That is not easy and takes courage to accomplish. And courage he had and he showed that in race after race. It was also apparent that other runners in the workouts were able to learn from Bret. Others saw how dedicated and driven he was and tried to emulate him. It was the perfect situation for me and I was able to use Bret to make him and others better runners.

When Bret arrived in Dayton, Susan Overholser, had been with the Club for many years. I don’t knowhow long it took but it wasn’t long before the two were dating. Over the months I watched the courtship evolve into marriage and eventually two fine boys were added to the family. Bret became a husband and a father and for those of us who watched the transition, it was what we expected. Susan and Bret were the perfect match and you could tell they loved each other very much. Bret had been a leader on the track and he carried that over to his private life. Leadership came easy to Bret, it was just the way he was. Others expected him to lead and he did in an unpretentious, easy style.

As the months passed he became a better hurdler and could take the water jump with less effort. He was now beating people who had beaten him in college. But still the basic speed was lacking. There was no way I could change his muscle tissue but I could enhance what he had. We talked about changing to the 10K but his size was against him for he was 6’ 4″, 177 pounds. Not good for a 10K runner, and we would continue in the steeple. Before long, Bret had become one of the best Steeplechasers in the Nation and he made us proud of his accomplishments.

By the time 1984 rolled around, Bret was ready to run well and in the TAC championships he placed second and was going to the Olympic trials. When, at one time, he had wanted to take part, he was now a major player. In the trial heat I told him in order to make the final he couldn’t allow the race to be slow. His best chance was to use his strength and not allow a lesser athlete with good speed beat him in the last lap. He ran perfectly and made it to the final. With a days rest he stepped on the track with nothing to lose. Again his instructions were to force the pace. He led most of the race until the final lap when those athletes blessed with speed went by him and he placed eighth with a time of 8:27.59.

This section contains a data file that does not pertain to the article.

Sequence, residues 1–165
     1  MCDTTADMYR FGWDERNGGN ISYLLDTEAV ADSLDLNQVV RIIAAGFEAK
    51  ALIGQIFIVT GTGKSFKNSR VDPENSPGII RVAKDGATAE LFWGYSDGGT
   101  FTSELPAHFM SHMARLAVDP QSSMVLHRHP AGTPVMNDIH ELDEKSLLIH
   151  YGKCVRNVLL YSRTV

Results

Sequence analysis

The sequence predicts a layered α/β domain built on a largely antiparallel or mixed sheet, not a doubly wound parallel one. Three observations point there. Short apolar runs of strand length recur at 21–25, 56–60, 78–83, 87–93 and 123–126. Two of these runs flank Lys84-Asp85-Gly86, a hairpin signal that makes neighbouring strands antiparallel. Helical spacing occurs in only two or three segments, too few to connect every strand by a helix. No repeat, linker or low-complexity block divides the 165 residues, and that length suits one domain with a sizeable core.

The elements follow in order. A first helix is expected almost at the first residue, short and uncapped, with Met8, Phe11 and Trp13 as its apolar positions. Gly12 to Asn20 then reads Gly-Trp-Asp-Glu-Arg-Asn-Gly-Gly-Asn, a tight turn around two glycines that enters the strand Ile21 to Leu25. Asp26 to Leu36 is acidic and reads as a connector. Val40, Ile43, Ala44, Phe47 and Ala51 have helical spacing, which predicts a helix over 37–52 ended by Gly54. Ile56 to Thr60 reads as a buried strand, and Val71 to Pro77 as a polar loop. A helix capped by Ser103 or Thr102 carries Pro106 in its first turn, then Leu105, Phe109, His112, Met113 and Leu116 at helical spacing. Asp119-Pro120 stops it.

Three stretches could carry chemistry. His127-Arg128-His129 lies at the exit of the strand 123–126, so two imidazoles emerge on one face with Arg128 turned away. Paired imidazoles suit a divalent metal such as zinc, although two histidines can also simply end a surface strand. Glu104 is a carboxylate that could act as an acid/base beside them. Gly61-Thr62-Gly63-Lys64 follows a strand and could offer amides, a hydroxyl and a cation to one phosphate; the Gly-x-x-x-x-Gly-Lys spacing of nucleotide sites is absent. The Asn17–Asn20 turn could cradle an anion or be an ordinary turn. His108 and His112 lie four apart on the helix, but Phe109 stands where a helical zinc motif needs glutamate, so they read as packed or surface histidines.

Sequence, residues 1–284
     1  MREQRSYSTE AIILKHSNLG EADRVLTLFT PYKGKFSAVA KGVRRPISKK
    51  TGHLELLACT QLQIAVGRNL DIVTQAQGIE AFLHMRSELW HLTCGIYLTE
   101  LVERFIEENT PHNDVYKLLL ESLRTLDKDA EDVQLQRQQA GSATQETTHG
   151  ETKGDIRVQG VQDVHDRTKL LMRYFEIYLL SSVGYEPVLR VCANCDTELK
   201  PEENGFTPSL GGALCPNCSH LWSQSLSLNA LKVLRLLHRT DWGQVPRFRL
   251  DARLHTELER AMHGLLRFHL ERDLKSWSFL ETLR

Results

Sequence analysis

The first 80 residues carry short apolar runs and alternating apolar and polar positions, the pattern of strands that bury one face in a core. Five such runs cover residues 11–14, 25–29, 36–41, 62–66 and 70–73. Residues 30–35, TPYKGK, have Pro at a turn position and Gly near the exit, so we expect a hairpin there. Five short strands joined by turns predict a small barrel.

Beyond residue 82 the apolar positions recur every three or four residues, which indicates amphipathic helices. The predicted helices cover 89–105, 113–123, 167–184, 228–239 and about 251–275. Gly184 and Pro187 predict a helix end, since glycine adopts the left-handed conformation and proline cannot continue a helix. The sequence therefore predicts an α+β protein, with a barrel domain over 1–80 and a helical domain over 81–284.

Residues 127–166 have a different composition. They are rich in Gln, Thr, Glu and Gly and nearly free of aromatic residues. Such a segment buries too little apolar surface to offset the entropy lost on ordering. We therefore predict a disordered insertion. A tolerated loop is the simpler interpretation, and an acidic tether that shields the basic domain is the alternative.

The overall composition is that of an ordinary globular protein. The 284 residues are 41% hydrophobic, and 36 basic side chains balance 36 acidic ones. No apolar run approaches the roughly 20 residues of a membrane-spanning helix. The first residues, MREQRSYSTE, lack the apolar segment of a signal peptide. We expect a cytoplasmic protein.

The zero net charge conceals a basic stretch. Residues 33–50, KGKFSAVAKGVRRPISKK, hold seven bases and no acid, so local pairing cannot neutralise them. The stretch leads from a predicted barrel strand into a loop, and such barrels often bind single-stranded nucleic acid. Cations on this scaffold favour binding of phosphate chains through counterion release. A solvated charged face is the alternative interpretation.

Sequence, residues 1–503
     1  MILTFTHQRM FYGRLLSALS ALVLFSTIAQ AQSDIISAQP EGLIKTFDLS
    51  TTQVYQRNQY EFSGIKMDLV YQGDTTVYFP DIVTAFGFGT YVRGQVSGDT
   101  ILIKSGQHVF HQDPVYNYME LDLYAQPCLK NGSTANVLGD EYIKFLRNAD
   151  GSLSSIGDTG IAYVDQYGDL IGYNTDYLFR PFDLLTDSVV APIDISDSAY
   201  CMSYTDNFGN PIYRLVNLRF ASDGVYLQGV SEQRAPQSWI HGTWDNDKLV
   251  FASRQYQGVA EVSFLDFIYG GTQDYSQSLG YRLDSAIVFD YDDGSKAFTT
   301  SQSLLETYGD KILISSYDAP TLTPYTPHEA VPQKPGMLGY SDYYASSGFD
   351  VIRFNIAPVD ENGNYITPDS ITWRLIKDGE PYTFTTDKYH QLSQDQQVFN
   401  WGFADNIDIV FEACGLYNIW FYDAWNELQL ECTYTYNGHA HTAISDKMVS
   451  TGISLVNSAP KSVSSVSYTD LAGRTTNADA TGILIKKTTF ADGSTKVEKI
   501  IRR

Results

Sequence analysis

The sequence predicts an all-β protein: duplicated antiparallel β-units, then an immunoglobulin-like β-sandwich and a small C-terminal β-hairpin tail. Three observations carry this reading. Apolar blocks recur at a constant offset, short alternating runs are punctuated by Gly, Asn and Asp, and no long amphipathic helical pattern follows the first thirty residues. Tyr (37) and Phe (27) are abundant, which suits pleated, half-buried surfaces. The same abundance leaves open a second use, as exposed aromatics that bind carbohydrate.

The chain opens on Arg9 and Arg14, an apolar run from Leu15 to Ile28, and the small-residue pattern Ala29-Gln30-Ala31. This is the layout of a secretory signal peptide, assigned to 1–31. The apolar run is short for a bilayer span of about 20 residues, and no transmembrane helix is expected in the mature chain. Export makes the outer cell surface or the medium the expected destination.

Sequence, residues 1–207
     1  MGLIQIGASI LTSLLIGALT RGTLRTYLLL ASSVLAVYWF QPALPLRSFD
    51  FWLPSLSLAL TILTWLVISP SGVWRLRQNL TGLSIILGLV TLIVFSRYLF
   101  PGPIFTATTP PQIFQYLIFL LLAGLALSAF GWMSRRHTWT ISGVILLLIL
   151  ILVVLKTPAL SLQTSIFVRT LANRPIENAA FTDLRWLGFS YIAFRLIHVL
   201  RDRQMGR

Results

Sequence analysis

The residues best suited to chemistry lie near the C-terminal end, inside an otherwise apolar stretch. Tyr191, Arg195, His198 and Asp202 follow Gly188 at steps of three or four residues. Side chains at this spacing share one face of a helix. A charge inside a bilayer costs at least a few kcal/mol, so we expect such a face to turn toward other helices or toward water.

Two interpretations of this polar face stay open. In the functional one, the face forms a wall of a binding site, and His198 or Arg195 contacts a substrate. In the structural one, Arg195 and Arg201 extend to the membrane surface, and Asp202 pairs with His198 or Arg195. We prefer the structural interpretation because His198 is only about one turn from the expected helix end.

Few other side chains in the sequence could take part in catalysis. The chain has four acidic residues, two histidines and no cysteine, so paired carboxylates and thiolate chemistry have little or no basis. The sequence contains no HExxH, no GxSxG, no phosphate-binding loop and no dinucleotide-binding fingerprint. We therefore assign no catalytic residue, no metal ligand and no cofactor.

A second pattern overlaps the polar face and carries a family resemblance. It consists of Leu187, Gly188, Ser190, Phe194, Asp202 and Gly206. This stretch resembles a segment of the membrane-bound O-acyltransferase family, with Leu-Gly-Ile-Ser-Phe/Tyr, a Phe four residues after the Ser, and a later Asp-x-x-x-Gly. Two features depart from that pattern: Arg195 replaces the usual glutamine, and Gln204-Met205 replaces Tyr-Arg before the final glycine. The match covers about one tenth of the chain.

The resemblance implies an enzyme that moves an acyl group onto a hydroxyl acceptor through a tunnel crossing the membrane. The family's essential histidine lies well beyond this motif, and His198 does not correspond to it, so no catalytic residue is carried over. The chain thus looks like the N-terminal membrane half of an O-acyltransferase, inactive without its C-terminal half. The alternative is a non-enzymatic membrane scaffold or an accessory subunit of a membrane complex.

In his career he beat many athletes because of his determination and because he was able to get the most out of his body. And through it all, Bret never said, “What if.” What if I had more speed. He accepted what he had and would tell me after losing a race, “I really tried.” There was never any doubt in my mind that was the case. I never saw him give up. He never gloated over a victory or dismayed over a defeat. He understood that all he could do was his best.

As his disease progressed he was in a wheelchair and his last email was sent to me, Susan told me it took fifty minutes to write three sentences. But even then he joked about it. In his last weeks he was no longer able to eat by himself or talk and he could hardly move a muscle in his body. Finally he made the decision to end it all. No more food though tubes. No more medicine to keep the blood clots from forming. No more anything, he told his wife Susan, communicating in a way only she could understand. A neighbor who had been with him through this ordeal told me Bret was not afraid to die. That does not surprise me as his courage was part of his being.

Susan, who had been his nurse, is now going to take classes to become a nurse. (In 2008 Susan became a nurse and is working in that capacity.) Paul the eldest son, age 15, is a runner as is Seth who will be 13 in February. (In 2009 Paul is finishing college and will go into the Air Force as he has been in the Air Force program for his four years.)(Seth will be starting his Junior year in college in September of 2009)

Gene, Bret’s father, kept a scrapbook and the boys will be able to show their children the feats of their grandfather. They can be very proud of his accomplishments.  As I stood in the cemetery and watched as the Honor Guard folded the American Flag with precision, the snow continued to fall. Two Air Force Buglers stood off in the distance and once the flag was folded one of the buglers began playing Taps and the other would echo the notes. The sound came through the pines, so beautiful with the snow on their branches. When the last haunting sounds were heard there was a Twenty One Gun Salute and then an Air Force Officer carried the folded flag to Susan, and with words of thankfulness for his service to his country he presented her the flag.

A tear rolled down my cheek as I thought of this friend. Bret had shown courage in his races and over the past two years Bret would show that courage in what would be the toughest race of his life. There is no doubt he was able to do that. It is hard to understand why Bret would have to undergo this ordeal. We say it isn’t fair. Of course all who knew him will miss him. He was a friend, a competitor, a son and most of all a loving husband and father.  And now that Bret is with his God, I, like so many others can truthfully say, I am so glad he came into my life. Our paths had crossed, but the time was far too short.